Shane MacGowan, in 1995 (Niels van Iperen/Getty Images)

December 1, 2023   3 mins

One Christmas on the train home to see my parents, Shane MacGowan was on the same carriage. The children in the carriage were drawn to him like he was Santa Claus, and they broke out into excited giggling every time they heard his peculiar wheezing laugh. It struck me at the time that children instinctually trusted the authentic good nature behind his ragged and rough persona.

More than any artist I can think of, MacGowan captured the feeling of being carried away by all the dangerously beautiful emotions unlocked by alcohol. In his slurring raspy voice, he sang words of unguarded romantic devotion (“You’re the measure of my dreams”) and described a world animated by the drunken imagination (“the wind was gently laughing”).

The Pogues somehow succeeded in blending Irish traditional and rebel music with punk. Watch old footage, and you can still see that their concerts were attended by an unlikely combination of innocent-looking Irish country people and rowdy urban punks. The songs were full of raucousness, mischievous fun, wild misadventures, comedy, regret, pining and romance. Every year, “Fairytale Of New York” still overshadows all other Christmas songs: “It was Christmas Eve babe, in the drunk tank. An old man said to me, ‘won’t see another one’.” The magic of the song is that it undercuts the saccharine sentimentality of most festive fare, only to become the most sentimental and romantic of all Christmas songs: “Can’t make it all alone, I’ve built my dreams around you.”

Shane could only have been London-Irish. Through him a peasant folk tradition was reimagined with a fresh semi-outsider’s perspective in a modern, urban, countercultural form. He saw the potential in things that could have otherwise been dismissed as the old and the stagnant among the young Irish-Irish. The threads of cultural history that he brought together through the power of imagination spoke to new types of people all over the world.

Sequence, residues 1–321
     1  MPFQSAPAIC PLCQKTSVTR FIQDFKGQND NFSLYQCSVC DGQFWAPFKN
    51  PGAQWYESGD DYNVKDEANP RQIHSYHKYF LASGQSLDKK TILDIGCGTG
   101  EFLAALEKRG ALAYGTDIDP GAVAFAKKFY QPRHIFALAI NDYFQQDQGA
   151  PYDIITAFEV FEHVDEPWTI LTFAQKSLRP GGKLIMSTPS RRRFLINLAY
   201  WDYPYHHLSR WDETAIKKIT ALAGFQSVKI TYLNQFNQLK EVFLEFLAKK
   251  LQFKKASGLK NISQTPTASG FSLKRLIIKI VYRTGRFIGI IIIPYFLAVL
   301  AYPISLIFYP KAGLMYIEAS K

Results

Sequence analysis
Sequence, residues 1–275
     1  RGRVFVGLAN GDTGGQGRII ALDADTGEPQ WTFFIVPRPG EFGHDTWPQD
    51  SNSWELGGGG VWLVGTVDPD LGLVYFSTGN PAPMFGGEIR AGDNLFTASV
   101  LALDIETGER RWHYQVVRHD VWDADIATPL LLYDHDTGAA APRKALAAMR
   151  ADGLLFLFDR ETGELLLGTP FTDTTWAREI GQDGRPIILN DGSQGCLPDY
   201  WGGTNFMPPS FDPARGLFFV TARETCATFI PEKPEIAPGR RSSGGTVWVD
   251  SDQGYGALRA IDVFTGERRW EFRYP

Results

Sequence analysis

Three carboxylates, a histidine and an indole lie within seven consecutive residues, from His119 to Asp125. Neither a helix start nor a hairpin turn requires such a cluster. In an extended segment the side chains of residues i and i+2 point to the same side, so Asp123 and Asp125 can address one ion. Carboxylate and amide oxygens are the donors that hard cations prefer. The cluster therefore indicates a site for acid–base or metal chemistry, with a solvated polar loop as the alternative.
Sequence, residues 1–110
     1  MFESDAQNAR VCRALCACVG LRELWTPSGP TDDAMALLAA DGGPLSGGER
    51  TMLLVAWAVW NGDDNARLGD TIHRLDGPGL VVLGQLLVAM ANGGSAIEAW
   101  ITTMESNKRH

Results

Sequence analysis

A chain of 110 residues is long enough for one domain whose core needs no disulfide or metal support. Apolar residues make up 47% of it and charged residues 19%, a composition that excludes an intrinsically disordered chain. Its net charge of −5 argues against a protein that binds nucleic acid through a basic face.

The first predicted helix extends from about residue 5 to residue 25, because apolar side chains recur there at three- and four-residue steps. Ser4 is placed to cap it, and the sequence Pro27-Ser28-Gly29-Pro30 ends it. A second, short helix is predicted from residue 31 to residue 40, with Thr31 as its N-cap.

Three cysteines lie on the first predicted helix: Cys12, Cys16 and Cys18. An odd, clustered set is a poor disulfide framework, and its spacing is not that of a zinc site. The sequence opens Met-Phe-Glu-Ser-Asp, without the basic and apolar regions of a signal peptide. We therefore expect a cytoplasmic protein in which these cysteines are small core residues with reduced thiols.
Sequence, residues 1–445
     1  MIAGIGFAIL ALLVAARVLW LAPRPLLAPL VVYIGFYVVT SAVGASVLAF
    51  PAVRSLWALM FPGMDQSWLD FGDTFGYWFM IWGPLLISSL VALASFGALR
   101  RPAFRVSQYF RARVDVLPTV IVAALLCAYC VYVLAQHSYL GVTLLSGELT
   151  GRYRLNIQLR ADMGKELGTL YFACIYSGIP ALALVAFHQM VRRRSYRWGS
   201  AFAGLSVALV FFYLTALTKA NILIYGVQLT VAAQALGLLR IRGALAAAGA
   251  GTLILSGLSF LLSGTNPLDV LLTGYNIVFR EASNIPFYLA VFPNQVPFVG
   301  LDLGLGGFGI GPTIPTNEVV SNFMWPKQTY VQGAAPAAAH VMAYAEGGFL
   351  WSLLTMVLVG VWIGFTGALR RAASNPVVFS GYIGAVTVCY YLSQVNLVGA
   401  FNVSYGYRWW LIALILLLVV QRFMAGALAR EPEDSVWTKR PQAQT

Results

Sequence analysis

He performed with Nick Cave, Joe Strummer and The Dubliners. Elvis Costello produced Rum Sodomy And The Lash. His most famous duet was with Kirsty MacColl, and he made famous her father Ewan MacColl’s song about Salford, “Dirty Old Town”. He popularised history that his audience was too young to remember, like the devastating depiction of war in the ballad about the Gallipoli campaign, “And the Band Played Waltzing Matilda”. In one of its most memorable and emotional scenes, The Wire featured “Body Of An American” and introduced a whole new American generation to The Pogues.

Ireland has no long and continuous native national aristocratic tradition from which to draw inspiration, so an authentic expression has to be very modern — like James Joyce or folk like Luke Kelly, or a combination of the two. Shane was the archetypal poet of low birth, dwelling in an underclass but with an aristocratic sense of valuing the non-commercial things like life, like leisure and self-reflection. He once said: “The most important thing to remember about drunks is that drunks are far more intelligent than non-drunks — they spend a lot of time talking in pubs, unlike workaholics who concentrate on their careers and ambitions, who never develop their higher spiritual values, who never explore the insides of their head like a drunk does.”

There couldn’t really be a Shane MacGowan today. In the age of ubiquitous video content, you just can’t have teeth like that anymore. With his heavy smoking, his drop-out indifference to respectability, status or even basic self-preservation, we won’t be seeing men like him again. The internet age has created a culture of self-improvement, risk-aversion, neurotic fad diets, biohacking life extension and vain reputation management. Even those not prone to such excesses exist in a top-down “nudged” culture of safety. Have we become too cautious to make great music? We hope not, but it’s definitely not going to be anything like The Pogues.

Sinéad O’Connor, his admiring collaborator, has died. Now Shane has died. The Irish diasporic consciousness he put into musical form is fast fading away. Nothing lasts forever, except through art.

Angela Nagle is a writer and author of the book Kill All Normies.